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226 My Brother Theodore Roosevelt

bought tickets. Mr. Matthew Hale, then tutor to my nephew Theodore Roosevelt, Jr., has described the scene as follows: "The whole room was beautifully decorated with lights and wreaths and flowers. As I stood looking down on the great pageant I felt as though I were in some other world,-as though these people below there and moving in and out were not real people, but were all part of some great mechanism built for our special benefit. And then my feeling would change to the other extreme when I thought of each one of those men and women as individuals, each one thinking, and feeling and acting according to his own will,-and that all, just for that one night, came together for a common purpose, to see the President. Soon an open place appeared in the throng before us, and the President and Mrs. Roosevelt, and behind them Vice-President and Mrs. Fairbanks, walked to the other end of the hall and back, while the people cheered and cheered." And soon it was time to go back to the White House, and then, best of all, came what we used to call a "back-hair" talk in Theodore and Edith's room. What fun we had as we talked the great day over in comfortable deshabille. A small round bottle of old wine was found somewhere by Mrs. Roosevelt, and the family drank the President's health, and we talked of old times and childhood days, and of the dear ones whose hearts would have glowed so warmly had they lived to see that day. We laughed immoderately over all kinds of humorous happenings, and we could hardly bear to say "good night," we still felt so gay, so full of life and fun, so invigorated and stimulated by the excitement and by the deeper thoughts and desires, which, however, only took the form that night of increasing hilarity !

Shortly after that March inauguration my daughter Corinne, just eighteen, was asked by her kind aunt to pay a visit at the White House, and I impressed upon her the wonderful opportunity she would have of listening to the great men of the world at the informal luncheon gatherings which were a feature of my brother's incumbency. "Do not miss a word," I said to

Home Life in the White House 227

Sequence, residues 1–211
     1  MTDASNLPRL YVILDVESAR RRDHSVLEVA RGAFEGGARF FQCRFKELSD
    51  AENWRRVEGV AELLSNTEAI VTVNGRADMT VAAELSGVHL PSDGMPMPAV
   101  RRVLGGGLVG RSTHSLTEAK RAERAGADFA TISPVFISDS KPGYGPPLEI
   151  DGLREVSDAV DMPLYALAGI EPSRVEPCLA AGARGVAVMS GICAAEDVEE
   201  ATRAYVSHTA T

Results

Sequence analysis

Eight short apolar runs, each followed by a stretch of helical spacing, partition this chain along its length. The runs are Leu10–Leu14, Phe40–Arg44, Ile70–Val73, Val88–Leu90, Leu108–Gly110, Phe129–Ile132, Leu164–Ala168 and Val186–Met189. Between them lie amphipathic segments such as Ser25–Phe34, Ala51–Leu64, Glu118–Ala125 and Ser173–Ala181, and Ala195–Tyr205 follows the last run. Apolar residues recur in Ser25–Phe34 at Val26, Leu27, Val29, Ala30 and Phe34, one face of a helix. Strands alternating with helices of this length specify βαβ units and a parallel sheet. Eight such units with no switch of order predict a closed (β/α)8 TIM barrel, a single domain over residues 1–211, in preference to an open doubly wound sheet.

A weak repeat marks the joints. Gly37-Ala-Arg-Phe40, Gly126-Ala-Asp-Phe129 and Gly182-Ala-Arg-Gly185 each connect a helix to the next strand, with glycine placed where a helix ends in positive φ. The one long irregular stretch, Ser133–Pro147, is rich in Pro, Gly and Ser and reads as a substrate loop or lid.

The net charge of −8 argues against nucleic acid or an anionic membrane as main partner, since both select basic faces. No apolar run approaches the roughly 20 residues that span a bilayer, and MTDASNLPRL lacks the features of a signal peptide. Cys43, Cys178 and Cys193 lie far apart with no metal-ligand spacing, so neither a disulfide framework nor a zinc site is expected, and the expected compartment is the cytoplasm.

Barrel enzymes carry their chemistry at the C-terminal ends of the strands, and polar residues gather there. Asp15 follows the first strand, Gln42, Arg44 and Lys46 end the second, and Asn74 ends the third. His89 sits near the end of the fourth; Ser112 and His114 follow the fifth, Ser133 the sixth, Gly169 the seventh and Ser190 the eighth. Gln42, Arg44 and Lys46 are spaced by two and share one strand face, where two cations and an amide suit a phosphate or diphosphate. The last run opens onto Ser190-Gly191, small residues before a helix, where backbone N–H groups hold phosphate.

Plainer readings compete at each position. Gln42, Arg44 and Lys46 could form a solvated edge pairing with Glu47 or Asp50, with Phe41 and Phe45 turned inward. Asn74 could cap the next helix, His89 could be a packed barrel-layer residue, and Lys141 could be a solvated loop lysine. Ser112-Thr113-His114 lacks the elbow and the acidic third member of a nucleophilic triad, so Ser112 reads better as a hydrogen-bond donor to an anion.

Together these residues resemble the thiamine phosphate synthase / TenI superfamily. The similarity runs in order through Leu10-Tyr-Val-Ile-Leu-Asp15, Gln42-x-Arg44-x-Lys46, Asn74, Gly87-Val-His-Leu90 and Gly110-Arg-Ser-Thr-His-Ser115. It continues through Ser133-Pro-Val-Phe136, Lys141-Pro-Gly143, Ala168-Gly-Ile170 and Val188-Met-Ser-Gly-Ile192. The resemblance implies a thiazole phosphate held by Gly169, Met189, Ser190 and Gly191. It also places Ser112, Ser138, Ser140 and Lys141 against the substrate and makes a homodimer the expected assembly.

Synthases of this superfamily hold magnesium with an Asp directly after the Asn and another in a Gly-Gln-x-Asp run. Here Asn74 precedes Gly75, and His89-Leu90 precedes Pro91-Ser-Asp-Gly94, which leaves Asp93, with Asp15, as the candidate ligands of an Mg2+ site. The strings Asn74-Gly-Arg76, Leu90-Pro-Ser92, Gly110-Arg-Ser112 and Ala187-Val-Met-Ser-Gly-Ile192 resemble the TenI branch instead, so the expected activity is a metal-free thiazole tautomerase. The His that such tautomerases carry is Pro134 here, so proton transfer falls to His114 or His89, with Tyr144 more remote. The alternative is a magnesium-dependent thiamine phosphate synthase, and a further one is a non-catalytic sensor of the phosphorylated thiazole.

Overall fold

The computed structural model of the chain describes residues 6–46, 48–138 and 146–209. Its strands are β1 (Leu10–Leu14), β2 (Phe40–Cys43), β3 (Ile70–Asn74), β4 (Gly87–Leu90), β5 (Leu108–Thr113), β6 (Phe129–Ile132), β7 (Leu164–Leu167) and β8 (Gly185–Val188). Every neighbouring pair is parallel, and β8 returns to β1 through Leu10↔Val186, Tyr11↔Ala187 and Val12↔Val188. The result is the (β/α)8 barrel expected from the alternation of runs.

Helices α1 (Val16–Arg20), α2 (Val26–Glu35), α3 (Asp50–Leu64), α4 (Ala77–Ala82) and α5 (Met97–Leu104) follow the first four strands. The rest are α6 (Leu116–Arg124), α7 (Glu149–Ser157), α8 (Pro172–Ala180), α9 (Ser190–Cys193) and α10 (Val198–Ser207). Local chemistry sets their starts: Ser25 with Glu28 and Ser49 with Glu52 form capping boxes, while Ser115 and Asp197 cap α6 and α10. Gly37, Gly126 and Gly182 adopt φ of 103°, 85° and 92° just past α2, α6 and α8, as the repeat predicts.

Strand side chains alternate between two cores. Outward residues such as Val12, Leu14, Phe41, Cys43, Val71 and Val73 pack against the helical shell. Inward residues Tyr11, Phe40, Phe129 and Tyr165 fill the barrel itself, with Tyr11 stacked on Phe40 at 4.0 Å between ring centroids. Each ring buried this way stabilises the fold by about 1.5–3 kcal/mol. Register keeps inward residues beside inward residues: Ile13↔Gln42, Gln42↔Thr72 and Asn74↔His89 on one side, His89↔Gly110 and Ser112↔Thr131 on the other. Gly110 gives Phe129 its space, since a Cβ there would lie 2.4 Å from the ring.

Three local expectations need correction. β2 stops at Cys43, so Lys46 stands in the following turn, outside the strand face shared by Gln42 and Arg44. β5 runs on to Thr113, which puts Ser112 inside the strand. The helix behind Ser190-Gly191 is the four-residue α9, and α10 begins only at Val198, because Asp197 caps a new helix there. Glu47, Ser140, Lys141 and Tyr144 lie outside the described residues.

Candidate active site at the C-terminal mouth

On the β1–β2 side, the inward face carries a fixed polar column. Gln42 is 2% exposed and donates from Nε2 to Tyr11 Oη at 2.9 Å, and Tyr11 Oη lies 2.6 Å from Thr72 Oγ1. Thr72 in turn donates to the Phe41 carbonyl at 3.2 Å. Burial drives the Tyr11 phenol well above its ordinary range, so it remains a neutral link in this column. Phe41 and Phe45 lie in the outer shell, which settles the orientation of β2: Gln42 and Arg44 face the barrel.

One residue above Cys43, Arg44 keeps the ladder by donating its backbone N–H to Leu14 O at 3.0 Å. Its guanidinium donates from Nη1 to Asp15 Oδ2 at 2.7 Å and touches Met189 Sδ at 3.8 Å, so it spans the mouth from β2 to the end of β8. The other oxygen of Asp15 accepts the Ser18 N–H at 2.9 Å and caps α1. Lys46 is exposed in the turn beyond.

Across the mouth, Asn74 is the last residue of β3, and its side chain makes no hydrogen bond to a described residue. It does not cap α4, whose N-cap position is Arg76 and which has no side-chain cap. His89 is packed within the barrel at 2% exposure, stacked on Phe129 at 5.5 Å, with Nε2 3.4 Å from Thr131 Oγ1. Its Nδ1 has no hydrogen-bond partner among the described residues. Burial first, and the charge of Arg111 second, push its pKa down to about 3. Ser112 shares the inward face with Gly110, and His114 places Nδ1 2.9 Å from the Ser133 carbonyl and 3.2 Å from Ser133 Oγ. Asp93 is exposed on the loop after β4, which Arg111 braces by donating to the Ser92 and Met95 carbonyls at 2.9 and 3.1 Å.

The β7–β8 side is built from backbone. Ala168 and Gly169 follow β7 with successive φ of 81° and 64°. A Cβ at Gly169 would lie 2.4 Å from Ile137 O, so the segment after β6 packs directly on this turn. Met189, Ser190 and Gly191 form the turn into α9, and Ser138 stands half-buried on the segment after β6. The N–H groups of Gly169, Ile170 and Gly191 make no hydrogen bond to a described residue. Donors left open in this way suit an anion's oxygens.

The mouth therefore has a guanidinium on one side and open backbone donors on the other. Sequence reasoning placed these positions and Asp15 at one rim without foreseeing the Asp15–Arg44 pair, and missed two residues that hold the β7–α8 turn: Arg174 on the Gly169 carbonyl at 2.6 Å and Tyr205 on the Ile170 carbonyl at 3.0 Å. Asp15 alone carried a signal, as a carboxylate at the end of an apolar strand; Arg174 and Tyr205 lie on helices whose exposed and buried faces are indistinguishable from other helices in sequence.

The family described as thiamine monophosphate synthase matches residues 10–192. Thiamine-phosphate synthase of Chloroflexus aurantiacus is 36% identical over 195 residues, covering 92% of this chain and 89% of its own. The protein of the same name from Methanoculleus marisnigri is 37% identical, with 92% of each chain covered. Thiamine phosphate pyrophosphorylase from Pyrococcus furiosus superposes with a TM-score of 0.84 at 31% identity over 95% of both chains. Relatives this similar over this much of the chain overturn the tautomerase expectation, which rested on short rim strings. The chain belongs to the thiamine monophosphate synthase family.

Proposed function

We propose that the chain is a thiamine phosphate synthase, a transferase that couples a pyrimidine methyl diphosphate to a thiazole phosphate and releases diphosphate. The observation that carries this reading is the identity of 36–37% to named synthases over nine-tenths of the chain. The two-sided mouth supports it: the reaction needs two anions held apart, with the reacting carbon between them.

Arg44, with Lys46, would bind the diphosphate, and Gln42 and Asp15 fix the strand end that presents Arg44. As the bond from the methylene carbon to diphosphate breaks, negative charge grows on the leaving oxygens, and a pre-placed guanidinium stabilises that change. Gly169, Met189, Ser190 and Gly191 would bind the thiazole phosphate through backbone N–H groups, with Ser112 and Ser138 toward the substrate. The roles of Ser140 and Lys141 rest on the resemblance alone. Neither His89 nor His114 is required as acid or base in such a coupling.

my daughter. "Uncle Ted brings to luncheon all the great men in Washington-almost always several members of the cabinet, and any one of interest who is visiting there. Be sure and listen to everything. You will never hear such talk again." When she returned home from that visit I eagerly asked her about the wonderful luncheons at the White House, where I had so frequently sat spellbound. My somewhat irreverent young daughter said: "Mother, I laughed internally all through the first luncheon at the White House during my visit. Uncle Ted was perfectly lovely to me, and took me by the hand and said: `Corinny, dear, you are to sit at my right hand to-day, and you must have the most delightful person in the room on your other side.' With that he glanced at the distinguished crowd of gentlemen who were surrounding him waiting to be assigned to their places, and picking out a very elderly gentleman with a long white beard, he said with glowing enthusiasm: `You shall have John Burroughs, the great naturalist.' I confess I had hoped for some secretary in the cabinet, but, no, Uncle Ted did not think there was any one in the world that compared in thrilling excitement to his wonderful old friend and lover of birds. Even so, I thought, `Mother would wish me to learn all about natural history, and I shall hear marvellous ornithological tales, even if politics must be put aside.' But even in that I was somewhat disappointed, for at the very beginning of luncheon Uncle Ted leaned across me to Mr. Burroughs and said: `John, this morning I heard a chippy sparrow, and he sang twee, twee, right in my ear.' Mr. Burroughs, with a shade of disapproval on his face, said: `Mr. President, you must be mistaken. It was not a chippy sparrow if it sang twee, twee. The note of the chippy sparrow is twee, twee, twee.' From that moment the great affairs of our continent, the international crises of all kinds were utterly forgotten, while the President of the United States and his esteemed guest, the great naturalist, discussed with a good deal of asperity whether that chippy sparrow had said `twee, twee,' or `twee, twee, twee.' We rose from the

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